Planning to start a small business? Take every bit of advice you can get — you don’t have to use it — just have it all standing by as resource material. And a great place for resource material is an Enterprise Center. Does your community have one? We do in Essex County, MA at Salem State University.

Biz PlanNot only does an Enterprise Center offer seminars and inform you of useful business programs, it brings in guest speakers — and ours even “puts its money where its mouth is” by way of a North of Boston Business Plan Competition.

Doesn’t matter whether it is just a business idea, or your company is already up & running  (less than three years old or an established business with a new strategic direction). As long as you are located on the North Shore, consider entering this annual competition.

  • Cash prizes – $10,000 for first place! Second place, $5,000. Third place, $3,000
  • Advice – Valuable feedback and suggestions. Judges are experienced entrepreneurs, business owners and leaders and capital investors.
  • Focus – Entering the BPC can provide the discipline and focus you need to develop and fine-tune a winning business strategy.

Participants submit a 5-part application that is reviewed by an expert judging panel and evaluated according to established criteria. Six semi-finalists are selected to present their plan in person to the judges. Three finalists go on to present their plan publicly at a grand finale at which the judges determine the first, second and third place winners.

All participants receive written comments on their submission; the semi-finalists and finalists have the option of working with a presentation coach to fine-tune their plan for the judges.

Competition deadline is 2/24/16.

But — and this is an excellent helping hand by the Enterprise Center — on Dec. 4th from 8-10am there will be a FREE How to Write a Competition-Level Business Plan introduction session. You are not just floating in the wind for this competition. Sponsored by the MA Small Business Development Center and co-sponsored by the North Shore Alliance for Economic Development, there will be tips on what’s involved in preparing the components of your application.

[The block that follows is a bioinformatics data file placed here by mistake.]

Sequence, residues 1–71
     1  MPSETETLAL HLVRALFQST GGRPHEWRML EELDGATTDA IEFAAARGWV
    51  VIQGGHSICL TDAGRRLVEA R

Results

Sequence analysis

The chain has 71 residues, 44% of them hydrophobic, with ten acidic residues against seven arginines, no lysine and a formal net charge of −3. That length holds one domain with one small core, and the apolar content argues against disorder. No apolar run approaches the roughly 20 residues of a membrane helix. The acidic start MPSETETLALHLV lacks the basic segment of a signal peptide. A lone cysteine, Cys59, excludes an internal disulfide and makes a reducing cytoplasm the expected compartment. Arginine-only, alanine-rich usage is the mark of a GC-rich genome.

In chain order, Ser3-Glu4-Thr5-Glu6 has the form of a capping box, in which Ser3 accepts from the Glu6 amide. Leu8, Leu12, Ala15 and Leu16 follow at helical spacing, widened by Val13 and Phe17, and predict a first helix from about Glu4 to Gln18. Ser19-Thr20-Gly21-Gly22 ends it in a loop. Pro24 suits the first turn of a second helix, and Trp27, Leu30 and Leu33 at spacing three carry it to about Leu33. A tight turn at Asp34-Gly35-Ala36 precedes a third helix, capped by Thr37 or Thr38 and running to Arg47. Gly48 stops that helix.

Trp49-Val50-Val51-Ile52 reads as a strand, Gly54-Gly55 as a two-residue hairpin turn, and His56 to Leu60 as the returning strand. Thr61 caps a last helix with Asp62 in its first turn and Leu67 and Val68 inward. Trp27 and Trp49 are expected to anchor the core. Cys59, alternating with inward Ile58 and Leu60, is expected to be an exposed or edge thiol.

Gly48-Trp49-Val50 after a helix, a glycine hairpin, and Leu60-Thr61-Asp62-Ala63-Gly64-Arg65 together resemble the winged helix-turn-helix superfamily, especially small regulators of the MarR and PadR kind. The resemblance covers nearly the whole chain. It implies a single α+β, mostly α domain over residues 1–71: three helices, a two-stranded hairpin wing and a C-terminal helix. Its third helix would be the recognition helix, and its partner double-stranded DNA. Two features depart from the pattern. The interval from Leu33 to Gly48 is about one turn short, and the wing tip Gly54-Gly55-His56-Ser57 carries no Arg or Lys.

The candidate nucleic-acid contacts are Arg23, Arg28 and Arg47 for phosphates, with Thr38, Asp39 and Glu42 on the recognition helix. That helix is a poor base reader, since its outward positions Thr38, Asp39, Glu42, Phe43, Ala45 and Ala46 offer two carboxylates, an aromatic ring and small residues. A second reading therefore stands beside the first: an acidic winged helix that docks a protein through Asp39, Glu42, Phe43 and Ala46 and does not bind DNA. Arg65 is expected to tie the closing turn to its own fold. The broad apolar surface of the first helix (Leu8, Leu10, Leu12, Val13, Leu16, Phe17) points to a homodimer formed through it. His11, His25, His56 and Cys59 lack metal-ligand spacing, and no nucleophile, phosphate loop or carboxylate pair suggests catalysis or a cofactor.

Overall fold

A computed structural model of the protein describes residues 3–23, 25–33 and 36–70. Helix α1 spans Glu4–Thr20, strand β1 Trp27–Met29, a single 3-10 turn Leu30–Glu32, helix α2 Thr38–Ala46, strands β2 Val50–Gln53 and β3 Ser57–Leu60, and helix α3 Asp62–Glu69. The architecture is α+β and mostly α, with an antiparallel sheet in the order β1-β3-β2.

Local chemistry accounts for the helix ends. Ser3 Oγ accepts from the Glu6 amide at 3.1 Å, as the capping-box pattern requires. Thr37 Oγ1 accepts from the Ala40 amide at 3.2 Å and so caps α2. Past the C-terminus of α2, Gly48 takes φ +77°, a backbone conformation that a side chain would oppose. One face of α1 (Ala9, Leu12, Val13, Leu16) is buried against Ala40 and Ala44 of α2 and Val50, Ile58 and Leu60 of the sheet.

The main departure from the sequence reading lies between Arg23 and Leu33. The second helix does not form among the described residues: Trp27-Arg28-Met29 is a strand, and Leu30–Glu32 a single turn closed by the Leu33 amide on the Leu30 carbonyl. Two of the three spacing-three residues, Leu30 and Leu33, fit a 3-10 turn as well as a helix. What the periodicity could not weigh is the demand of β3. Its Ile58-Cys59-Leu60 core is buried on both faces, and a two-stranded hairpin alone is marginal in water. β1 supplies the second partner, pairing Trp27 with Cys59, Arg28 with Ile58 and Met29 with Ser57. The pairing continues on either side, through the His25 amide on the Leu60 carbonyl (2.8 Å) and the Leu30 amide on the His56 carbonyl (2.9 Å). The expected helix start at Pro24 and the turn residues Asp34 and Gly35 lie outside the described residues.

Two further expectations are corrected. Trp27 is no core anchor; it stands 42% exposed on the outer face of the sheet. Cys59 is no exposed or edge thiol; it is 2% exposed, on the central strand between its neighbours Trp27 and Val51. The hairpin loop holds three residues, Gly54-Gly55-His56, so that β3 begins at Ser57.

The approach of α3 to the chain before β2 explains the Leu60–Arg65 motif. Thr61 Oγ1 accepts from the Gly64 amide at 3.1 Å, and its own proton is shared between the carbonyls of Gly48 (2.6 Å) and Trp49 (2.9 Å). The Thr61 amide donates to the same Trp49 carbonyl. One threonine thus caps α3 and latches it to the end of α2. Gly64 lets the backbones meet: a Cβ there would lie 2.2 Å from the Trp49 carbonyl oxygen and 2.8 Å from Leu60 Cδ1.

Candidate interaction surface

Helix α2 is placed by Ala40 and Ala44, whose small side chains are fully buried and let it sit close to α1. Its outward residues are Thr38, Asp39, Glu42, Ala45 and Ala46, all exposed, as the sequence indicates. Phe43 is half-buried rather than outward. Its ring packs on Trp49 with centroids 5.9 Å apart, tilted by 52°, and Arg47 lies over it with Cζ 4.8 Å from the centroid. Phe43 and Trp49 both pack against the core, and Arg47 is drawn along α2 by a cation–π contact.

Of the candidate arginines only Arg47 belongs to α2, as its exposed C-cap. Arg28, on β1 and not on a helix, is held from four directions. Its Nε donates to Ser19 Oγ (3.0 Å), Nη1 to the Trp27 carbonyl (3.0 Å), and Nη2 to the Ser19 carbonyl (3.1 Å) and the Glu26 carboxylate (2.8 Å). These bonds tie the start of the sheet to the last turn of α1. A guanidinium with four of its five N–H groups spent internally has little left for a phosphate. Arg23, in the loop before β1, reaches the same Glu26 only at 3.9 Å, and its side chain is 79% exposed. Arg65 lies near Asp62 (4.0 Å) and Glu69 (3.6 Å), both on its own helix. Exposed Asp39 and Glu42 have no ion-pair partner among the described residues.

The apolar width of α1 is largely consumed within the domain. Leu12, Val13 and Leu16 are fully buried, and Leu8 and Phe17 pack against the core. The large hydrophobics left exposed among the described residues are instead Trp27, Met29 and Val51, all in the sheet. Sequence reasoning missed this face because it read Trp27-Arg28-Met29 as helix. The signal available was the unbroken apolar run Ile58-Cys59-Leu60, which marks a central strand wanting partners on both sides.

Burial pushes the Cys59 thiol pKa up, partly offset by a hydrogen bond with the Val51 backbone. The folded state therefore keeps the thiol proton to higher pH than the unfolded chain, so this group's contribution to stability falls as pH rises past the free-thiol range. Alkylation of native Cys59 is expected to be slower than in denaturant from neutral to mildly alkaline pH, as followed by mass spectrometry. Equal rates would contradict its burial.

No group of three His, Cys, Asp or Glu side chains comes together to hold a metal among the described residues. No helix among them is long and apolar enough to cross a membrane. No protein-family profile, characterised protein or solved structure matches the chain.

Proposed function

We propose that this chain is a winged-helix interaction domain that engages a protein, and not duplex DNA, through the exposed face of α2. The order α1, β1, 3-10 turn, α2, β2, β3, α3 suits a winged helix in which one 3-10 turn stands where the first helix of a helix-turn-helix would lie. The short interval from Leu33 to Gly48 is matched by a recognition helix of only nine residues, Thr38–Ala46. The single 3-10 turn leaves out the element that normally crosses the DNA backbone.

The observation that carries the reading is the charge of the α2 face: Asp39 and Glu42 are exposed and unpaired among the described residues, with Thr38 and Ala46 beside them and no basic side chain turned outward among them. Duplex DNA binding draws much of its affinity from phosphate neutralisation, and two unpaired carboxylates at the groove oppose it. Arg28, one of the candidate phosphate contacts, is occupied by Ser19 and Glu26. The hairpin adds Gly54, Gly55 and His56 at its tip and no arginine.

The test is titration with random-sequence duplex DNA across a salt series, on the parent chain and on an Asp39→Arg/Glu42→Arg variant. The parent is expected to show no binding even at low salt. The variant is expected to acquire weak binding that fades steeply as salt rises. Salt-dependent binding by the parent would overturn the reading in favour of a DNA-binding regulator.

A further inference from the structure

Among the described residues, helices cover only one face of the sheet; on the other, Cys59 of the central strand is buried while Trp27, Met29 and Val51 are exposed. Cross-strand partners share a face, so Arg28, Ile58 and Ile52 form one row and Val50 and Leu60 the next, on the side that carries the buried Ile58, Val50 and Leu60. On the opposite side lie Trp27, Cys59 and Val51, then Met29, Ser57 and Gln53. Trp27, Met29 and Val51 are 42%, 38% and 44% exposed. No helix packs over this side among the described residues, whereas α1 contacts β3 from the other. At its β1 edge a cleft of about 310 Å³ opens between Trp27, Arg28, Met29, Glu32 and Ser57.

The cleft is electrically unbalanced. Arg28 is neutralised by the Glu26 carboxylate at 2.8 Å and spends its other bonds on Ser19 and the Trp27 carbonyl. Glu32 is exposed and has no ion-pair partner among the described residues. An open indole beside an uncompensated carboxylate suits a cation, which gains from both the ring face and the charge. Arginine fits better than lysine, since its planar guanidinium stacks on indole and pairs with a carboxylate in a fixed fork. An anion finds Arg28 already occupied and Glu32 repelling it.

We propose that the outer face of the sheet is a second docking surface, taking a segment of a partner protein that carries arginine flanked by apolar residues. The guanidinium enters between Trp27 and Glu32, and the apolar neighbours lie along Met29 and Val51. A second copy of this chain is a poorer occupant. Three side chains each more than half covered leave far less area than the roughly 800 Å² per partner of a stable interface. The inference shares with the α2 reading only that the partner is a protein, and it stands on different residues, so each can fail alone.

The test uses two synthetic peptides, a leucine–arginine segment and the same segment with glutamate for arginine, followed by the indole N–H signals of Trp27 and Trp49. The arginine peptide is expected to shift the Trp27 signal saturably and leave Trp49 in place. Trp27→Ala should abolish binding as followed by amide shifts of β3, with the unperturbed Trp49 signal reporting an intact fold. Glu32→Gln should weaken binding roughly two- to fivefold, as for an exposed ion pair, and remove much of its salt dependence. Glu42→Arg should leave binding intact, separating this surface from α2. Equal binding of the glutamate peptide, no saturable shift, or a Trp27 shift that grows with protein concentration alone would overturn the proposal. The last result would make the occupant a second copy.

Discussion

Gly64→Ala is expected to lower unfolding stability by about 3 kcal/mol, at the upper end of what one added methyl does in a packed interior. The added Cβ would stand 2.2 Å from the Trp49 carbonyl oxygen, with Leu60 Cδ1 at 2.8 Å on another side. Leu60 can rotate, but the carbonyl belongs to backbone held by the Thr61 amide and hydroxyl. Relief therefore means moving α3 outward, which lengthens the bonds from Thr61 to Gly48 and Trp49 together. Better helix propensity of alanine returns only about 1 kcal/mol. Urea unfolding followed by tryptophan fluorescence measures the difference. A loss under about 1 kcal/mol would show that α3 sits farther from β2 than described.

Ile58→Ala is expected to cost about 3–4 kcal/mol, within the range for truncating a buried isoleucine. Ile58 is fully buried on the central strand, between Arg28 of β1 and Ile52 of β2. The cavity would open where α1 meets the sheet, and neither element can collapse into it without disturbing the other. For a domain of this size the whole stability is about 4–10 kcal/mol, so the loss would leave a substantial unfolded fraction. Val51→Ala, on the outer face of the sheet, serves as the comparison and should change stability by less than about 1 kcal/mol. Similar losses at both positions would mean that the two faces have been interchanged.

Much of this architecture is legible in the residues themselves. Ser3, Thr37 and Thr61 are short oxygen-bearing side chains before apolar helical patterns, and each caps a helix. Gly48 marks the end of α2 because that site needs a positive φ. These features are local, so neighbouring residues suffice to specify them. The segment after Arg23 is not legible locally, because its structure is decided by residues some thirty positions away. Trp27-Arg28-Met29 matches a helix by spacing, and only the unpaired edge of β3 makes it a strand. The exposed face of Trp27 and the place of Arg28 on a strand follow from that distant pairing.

Bring your questions too because — yes this gets better — the Enterprise Center will provide a real pro for individual coaching: Margaret Somer, Former Regional Director, MA Small Business Development Center Network.

Need more incentive to sign up right now? Read her bio. She’s been in economic & development, a fund manager, operated home-based businesses, been a consultant and has exhibited a strong record of participation in the development of new business products and programs, community development initiatives, and public affairs and government relations.

You can’t put a price on the guidance you will receive at the How to Write a Competition-Level Business Plan introduction session. To register click here.

The Enterprise Center at Salem State University is located at 121 Loring Ave in Salem, MA. For more info call 978-542-7528 or email Lorie Skolski at

( Photo courtesy of KROMKRATHOG from )

Reporter’s Notebook: Evolving State of Journalism


Repeatedly I’ve put forth that the “traditional media” is on its last legs— and that you boys/girls and men/women represent the future of journalism.

Old News - canon rebel t2i

Old News – canon rebel t2i (Photo credit: @Doug88888)

And just what does that future hold if you want to actually earn a living as a writer? The diminishing opportunities for newspaper reporters have been much in the news.

Content curation looks to be one solid way to go. That is according to an item in the Content Curation Community Newsletter which in turn focuses on an intriguing and informative article observation:

“…marketing departments are starting to function more like newsrooms that produce unique content about their brand and report on industry topics and trends. And journalists are being recruited to oversee the content part of content marketing.”

You should read this  guest post by Holly Regan that ran recently on the Thought Leadership website.